Decreasing negative impacts of harvesting over insect communities using variable retention in southern Patagonian forests

Authors
Lencinas, María Vanessa; Martínez Pastur, Guillermo José; Gallo, Emilce; Cellini, Juan Manuel
Publication Year
2014
Language
English
Format
article
Status
Published version
Description
Variable retention is an alternative silvicultural approach to timber forest management, which consist in a regeneration treatment with different degrees and patterns of stand retention. It has been proposed to mitigate harmful effects of harvesting, but effectiveness in insect conservation remains unknown in southern Patagonian Nothofagus pumilio forests. Here, the objectives were to: (1) define a baseline of insect diversity in old-growth forests along a site quality gradient (high, medium and low, associated to the forest productivity of each site); (2) evaluate stands with different retention treatments [aggregated (AR) surrounded by dispersed (DR) retention, and aggregated retention surrounded by clear-cut (CC)] and to compare with old-growth unmanaged forests (OGF); and (3) assess temporal changes during the first 4 years after harvesting (YAH). In a long term forest research plot, mobile epigean insect richness and relative abundance were characterized and classified in seven response type groups, using a wide spectrum sampling set. Data analyses included parametric and permutational ANOVAs, multivariate classification and ordinations. There were found 79 species before harvesting, and that richness was not related to site quality. After harvesting, 84 new species were added considering all treatments along the first four sampled YAH, of which 65 % were added to OGF, while in harvested sites richness and abundance directly diminished with retention degree (OGF > AR > DR > CC) due to incoming species cannot compensate the lost of them. However, fluctuations in diversity were observed along the YAH. Therefore, harvesting reduces insect richness in N. pumilio forests independently of the treatment, but the original insect assemblage significantly changes due to loss of sensitive species and introduction of others from surrounding environments. Despite this, inclusion of aggregates greatly diminished harvesting impacts because insect assemblage is favoured when structural complexity is preserved, conserving richness and abundance at similar levels than in old-growth forests. However, more studies are necessary to evaluate effects of different aggregate size, shape and distribution into harvested forests, as well as their fragmentation and connectivity at landscape level.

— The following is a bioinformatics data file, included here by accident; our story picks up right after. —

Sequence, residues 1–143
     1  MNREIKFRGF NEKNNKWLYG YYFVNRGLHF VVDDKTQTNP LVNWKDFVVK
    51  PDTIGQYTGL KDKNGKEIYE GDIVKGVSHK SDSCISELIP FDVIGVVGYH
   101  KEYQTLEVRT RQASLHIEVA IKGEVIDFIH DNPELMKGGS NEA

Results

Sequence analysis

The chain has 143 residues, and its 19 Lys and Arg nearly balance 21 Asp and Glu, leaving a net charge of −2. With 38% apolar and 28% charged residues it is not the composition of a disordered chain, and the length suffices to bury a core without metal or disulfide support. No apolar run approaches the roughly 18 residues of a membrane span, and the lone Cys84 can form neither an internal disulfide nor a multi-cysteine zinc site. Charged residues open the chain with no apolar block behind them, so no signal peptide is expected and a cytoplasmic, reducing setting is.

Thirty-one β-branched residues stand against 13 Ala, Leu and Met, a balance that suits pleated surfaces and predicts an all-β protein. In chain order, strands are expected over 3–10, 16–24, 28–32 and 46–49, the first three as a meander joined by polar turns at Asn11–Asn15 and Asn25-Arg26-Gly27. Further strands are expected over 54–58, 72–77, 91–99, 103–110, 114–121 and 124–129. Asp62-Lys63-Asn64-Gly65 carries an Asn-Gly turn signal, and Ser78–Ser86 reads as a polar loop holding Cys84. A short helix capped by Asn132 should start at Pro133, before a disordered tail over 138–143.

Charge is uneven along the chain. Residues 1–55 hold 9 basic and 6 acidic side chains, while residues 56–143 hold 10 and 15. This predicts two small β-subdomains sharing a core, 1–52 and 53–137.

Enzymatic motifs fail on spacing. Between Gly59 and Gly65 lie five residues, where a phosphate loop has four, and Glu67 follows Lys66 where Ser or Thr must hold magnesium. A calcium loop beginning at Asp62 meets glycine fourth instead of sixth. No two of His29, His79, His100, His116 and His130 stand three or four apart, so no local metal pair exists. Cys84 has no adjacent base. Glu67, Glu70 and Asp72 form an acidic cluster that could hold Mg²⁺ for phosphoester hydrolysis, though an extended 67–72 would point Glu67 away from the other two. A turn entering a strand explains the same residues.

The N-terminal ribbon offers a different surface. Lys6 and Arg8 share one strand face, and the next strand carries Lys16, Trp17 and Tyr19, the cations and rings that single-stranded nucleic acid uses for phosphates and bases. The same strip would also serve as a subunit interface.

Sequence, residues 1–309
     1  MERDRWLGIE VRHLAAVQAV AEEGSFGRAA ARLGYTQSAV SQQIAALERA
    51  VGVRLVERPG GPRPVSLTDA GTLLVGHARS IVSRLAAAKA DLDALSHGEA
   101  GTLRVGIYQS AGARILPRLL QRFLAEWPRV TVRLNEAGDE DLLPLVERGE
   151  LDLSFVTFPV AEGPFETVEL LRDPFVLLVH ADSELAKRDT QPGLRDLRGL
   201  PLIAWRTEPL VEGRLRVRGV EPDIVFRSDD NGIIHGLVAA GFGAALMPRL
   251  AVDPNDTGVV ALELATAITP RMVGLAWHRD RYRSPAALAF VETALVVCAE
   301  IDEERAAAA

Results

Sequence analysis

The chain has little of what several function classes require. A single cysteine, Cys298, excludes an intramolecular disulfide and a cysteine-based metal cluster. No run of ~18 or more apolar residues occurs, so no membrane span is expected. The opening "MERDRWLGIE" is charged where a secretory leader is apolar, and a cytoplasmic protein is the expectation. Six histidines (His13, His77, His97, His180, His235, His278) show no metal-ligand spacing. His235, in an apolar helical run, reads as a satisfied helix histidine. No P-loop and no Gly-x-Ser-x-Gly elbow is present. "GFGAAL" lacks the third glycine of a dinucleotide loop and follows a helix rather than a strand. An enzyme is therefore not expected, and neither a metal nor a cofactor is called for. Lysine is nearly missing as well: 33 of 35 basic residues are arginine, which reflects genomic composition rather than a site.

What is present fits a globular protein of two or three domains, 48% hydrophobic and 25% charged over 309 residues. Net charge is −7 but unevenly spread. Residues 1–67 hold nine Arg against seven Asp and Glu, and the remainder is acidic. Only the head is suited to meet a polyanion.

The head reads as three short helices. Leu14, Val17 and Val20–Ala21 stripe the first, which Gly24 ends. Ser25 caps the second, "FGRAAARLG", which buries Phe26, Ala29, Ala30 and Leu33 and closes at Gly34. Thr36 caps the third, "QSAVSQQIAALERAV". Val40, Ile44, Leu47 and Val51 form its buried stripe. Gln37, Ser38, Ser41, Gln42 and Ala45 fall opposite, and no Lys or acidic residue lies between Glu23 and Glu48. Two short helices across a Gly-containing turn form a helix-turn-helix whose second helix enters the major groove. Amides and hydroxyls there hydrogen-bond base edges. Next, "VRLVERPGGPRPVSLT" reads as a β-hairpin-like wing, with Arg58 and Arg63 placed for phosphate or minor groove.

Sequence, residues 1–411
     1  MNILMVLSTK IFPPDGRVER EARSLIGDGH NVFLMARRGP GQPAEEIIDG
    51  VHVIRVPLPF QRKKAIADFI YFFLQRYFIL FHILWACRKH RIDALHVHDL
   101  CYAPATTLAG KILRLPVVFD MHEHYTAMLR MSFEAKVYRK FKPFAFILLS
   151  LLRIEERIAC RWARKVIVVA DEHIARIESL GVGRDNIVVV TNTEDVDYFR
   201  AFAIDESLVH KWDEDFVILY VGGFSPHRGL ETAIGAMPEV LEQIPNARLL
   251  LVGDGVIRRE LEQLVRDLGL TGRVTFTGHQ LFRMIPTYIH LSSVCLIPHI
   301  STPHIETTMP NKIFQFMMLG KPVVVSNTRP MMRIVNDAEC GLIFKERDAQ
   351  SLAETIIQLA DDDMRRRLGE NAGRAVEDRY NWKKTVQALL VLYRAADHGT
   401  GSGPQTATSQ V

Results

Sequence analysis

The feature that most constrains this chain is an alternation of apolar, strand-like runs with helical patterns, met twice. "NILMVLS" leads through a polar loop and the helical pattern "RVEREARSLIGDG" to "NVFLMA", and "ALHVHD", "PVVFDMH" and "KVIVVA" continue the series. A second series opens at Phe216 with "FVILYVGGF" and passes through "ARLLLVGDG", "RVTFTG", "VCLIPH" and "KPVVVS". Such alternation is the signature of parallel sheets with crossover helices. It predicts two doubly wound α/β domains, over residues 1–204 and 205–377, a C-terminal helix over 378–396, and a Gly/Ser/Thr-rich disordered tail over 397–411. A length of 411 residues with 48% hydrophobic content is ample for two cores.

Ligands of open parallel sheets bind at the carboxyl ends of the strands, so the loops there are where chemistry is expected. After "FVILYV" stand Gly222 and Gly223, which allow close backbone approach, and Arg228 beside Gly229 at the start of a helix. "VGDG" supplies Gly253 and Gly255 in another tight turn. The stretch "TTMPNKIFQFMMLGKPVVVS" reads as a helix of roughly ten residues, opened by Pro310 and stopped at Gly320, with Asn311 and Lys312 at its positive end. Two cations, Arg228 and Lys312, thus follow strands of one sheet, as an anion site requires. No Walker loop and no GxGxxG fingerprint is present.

Fil: Lencinas, María Vanessa. Consejo Nacional de Investigaciones Científicas y Técnicas. Centro Austral de Investigaciones Científicas; Argentina
Fil: Martínez Pastur, Guillermo José. Consejo Nacional de Investigaciones Científicas y Técnicas. Centro Austral de Investigaciones Científicas; Argentina
Fil: Gallo, Emilce. Administracion de Parques Nacionales; Argentina
Fil: Cellini, Juan Manuel. Universidad Nacional de La Plata. Facultad de Ciencias Agrarias y Forestales; Argentina
Subject
AGGREGATED RETENTION
BIODIVERSITY CONSERVATION
DISPERSED RETENTION
INSECT DIVERSITY
Agricultura
Agricultura, Silvicultura y Pesca
CIENCIAS AGRÍCOLAS
Access level
Restricted access
License
https://creativecommons.org/licenses/by-nc-sa/2.5/ar/
Repository
CONICET Digital (CONICET)
Institution
Consejo Nacional de Investigaciones Científicas y Técnicas
OAI Identifier
oai:ri.conicet.gov.ar:11336/37084